Adobe and Microsoft release Flash security updates in sync

Summary:Adobe today announced the release of a major security update for its Flash Player and Air software. Microsoft delivered its version of that patch roughly an hour later, significantly improving on its embarrassingly late performance last month.

Adobe today announced the release of a set of security updates for its Flash Player software on "all platforms." But the list as initially published this morning was notably missing any discussion of the Flash Player software included in Internet Explorer 10 on Windows 8.

An hour or so later, the reason for that omission became clear, as Microsoft announced the availability of a corresponding update for IE 10.

Adobe's updates are described in Security Bulletin APSB12-22. The fixes cover 25 separate vulnerability disclosures.

The Microsoft update is Security Advisory 2755801, which in turn references a support document covering "vulnerabilities in Adobe Flash Player in Internet Explorer 10 (KB2758994)."

Microsoft's announcements appeared unexpectedly on its Security updates and tools page, where the Flash Player update for Windows 8 for x64-based systems is now available (the x86 version is here). Additional updates are available for Windows Server 2012. For the Windows 8 Release Preview an x86 update and x64 update are available

The IE 10 announcement appeared on the Microsoft Security Response Center Blog, in a blog post by Yunsun Wee, director of Microsoft Trustworthy Computing:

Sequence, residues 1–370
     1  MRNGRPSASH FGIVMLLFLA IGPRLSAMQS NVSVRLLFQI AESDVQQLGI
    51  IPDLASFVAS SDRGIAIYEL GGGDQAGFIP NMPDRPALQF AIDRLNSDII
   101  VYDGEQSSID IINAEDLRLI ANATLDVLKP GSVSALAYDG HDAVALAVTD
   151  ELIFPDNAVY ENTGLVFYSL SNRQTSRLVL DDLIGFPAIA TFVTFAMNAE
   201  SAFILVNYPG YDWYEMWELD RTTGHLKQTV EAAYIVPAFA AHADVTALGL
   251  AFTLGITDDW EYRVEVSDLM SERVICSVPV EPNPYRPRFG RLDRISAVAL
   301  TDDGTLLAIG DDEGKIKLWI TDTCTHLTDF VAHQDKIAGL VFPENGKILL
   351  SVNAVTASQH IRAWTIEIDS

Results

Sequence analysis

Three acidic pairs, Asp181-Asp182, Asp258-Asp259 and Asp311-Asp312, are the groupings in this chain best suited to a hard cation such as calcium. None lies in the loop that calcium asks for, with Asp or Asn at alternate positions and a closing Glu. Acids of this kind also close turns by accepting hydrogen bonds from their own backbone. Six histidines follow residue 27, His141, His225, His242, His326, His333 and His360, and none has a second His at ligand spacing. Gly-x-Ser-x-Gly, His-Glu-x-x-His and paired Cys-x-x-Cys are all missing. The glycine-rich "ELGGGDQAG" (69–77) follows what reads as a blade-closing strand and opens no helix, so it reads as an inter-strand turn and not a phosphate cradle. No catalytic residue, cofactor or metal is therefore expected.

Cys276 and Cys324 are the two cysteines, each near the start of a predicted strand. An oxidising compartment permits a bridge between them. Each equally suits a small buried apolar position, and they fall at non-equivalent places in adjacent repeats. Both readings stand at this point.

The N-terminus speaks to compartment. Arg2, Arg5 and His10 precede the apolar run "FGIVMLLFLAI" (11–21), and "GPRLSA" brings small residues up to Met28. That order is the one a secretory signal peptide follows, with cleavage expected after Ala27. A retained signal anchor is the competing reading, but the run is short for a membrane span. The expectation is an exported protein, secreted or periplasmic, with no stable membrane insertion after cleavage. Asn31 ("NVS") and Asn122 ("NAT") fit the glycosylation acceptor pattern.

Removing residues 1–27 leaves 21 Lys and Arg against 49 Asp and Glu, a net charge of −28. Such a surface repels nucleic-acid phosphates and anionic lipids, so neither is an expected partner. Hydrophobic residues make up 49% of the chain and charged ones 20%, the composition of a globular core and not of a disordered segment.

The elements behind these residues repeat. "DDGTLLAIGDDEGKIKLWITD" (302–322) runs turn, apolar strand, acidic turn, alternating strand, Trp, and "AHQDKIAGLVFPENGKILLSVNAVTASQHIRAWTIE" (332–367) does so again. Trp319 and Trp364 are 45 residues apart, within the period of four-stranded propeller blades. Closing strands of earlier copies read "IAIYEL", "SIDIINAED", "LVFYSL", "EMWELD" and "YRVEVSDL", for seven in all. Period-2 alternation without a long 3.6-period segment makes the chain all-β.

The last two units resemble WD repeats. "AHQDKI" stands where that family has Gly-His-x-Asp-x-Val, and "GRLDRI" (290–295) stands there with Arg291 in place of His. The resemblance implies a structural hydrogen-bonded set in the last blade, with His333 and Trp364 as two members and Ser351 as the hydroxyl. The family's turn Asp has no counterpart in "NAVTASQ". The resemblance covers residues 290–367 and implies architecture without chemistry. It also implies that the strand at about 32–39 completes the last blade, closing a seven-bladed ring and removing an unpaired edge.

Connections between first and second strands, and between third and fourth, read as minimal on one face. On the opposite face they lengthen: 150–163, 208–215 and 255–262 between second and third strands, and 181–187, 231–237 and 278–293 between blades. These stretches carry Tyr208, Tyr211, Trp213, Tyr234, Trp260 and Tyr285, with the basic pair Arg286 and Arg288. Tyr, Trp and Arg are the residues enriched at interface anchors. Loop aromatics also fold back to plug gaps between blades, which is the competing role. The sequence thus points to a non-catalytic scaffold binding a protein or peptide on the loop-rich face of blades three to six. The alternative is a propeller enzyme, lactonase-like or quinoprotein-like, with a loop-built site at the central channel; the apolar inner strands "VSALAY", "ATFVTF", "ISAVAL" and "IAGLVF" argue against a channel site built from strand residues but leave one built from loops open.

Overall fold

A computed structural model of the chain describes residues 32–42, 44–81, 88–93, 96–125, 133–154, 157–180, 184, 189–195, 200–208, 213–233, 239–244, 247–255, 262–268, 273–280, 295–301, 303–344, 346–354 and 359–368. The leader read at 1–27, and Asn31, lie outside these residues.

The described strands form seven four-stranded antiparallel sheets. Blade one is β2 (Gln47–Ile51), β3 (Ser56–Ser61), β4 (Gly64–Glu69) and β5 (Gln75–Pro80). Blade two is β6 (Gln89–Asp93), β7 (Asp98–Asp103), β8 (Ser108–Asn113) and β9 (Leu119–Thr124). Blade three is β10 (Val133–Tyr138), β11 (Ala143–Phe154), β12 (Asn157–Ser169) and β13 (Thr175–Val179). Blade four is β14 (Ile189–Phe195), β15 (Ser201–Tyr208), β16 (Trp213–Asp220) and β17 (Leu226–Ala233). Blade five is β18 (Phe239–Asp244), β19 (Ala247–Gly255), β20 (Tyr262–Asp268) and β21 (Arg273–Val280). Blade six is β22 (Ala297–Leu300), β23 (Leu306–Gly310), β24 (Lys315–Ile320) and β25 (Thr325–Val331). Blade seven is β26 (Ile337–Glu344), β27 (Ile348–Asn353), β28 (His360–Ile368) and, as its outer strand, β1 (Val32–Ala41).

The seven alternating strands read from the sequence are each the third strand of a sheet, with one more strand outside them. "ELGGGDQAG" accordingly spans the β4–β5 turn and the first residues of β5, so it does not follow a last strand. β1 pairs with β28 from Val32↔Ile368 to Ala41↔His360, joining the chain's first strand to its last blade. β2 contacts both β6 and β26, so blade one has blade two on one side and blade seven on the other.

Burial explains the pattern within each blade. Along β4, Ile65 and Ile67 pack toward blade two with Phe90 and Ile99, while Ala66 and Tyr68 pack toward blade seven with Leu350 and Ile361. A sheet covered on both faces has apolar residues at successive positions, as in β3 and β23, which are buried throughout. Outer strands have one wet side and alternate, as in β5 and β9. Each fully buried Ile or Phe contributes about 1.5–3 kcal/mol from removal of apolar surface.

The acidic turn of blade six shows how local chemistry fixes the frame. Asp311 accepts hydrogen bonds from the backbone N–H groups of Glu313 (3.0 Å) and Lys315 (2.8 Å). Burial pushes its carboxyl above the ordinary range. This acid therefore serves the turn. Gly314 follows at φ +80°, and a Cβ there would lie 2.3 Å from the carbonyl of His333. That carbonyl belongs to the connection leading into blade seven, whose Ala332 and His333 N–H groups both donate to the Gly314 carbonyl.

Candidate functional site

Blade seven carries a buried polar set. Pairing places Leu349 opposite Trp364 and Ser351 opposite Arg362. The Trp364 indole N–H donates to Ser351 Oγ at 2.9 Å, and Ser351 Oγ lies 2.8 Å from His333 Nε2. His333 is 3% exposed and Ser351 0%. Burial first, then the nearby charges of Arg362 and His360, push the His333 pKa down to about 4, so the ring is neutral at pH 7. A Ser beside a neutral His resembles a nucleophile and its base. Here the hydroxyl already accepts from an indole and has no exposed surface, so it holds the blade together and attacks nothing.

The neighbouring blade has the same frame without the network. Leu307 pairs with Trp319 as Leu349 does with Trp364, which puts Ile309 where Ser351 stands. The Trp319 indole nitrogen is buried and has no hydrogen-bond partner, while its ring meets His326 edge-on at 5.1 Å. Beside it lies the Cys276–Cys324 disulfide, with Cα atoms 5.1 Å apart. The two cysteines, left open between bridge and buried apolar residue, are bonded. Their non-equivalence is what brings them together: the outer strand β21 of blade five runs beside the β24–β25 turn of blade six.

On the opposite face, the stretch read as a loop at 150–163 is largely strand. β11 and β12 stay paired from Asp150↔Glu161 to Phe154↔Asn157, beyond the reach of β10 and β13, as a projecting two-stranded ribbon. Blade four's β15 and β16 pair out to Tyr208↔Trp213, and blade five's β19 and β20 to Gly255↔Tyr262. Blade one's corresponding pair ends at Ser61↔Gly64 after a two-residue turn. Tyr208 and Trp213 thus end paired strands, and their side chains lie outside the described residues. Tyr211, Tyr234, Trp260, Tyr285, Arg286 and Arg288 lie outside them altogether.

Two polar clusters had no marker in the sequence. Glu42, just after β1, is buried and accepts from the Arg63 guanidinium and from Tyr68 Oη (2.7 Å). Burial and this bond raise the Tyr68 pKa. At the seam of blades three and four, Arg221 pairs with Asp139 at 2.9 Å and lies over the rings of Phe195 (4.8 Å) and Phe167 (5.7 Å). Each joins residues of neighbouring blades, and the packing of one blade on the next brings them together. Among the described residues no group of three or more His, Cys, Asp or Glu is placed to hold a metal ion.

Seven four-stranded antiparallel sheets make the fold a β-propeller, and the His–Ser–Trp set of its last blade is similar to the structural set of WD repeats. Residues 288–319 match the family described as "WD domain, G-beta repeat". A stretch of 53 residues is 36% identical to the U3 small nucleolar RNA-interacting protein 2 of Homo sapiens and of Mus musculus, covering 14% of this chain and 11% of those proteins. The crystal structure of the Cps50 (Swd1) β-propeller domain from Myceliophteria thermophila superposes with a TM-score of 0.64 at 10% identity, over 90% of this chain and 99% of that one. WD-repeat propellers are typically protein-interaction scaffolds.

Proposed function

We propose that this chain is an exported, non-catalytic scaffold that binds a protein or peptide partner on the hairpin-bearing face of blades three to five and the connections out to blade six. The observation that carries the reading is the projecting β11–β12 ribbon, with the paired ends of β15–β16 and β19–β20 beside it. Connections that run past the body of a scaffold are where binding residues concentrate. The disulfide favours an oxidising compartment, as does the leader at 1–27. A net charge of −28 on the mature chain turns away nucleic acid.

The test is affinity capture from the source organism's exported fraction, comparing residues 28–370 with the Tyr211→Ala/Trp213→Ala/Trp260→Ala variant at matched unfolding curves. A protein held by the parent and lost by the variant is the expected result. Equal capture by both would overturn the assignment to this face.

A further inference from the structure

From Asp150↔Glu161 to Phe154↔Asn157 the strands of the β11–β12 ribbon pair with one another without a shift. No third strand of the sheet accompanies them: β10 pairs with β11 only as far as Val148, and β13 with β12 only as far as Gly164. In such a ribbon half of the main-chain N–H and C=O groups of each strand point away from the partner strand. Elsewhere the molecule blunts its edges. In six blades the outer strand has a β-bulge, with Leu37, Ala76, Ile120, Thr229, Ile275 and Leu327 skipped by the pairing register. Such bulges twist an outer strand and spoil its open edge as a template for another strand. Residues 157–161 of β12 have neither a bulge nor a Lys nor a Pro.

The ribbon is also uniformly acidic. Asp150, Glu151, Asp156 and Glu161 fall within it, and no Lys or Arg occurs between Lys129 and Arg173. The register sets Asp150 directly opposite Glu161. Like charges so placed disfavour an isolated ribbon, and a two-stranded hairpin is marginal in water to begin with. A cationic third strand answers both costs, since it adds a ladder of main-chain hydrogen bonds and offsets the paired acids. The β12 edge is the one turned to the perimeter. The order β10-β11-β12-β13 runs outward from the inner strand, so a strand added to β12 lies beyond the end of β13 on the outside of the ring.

Today we revised Security Advisory 2755801 to address issues in Adobe Flash Player in Internet Explorer 10, in conjunction with Adobe’s update process. Customers who have automatic updates enabled will not need to take any action because protections will be downloaded and installed automatically. Customers who do not use automatic updates should apply the guidance in the advisory immediately using update management software, or by checking the Microsoft Update service, to help ensure protection.

We remain committed to taking the appropriate actions to help protect customers and will continue to work closely with Adobe to deliver quality protections that are aligned with Adobe’s update process.

Adobe's bulletin lists supported platforms individually. Adobe recommens that Windows and Mac users check the Flash version (bookmark this test page). If you are running the following versions or earlier you are vulnerable and need to update:

  • Adobe Flash Player 11.4.402.278 and earlier versions for Windows versions other than Windows 8
  • Adobe Flash Player 11.4.402.265 and earlier versions for Macintosh

After applying this security update, the correct version for both platforms should be Adobe Flash Player 11.4.402.287.

Adobe has since updated its security bulletin to include this line: "Flash Player installed with Internet Explorer 10 will automatically be updated to the latest Internet Explorer 10 version, which will include Adobe Flash Player 11.3.375.10 for Windows." (Yes, that number is correct; it's out of sync with the other Windows versions.)

Adobe also recommends that users of Adobe AIR 3.4.0.2540 for Windows and Macintosh update to Adobe AIR 3.4.0.2710.